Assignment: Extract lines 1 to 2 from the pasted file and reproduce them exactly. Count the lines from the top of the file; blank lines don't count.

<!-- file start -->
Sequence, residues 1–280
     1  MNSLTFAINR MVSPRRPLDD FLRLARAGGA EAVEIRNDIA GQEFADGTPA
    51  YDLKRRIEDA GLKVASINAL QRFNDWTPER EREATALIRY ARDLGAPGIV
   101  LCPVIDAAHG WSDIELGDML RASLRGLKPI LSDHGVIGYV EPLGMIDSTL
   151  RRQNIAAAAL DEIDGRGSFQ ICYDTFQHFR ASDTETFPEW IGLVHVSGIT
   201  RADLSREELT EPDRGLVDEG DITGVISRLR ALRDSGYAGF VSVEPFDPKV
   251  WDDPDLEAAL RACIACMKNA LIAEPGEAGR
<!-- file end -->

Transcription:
Sequence, residues 1–280
     1  MNSLTFAINR MVSPRRPLDD FLRLARAGGA EAVEIRNDIA GQEFADGTPA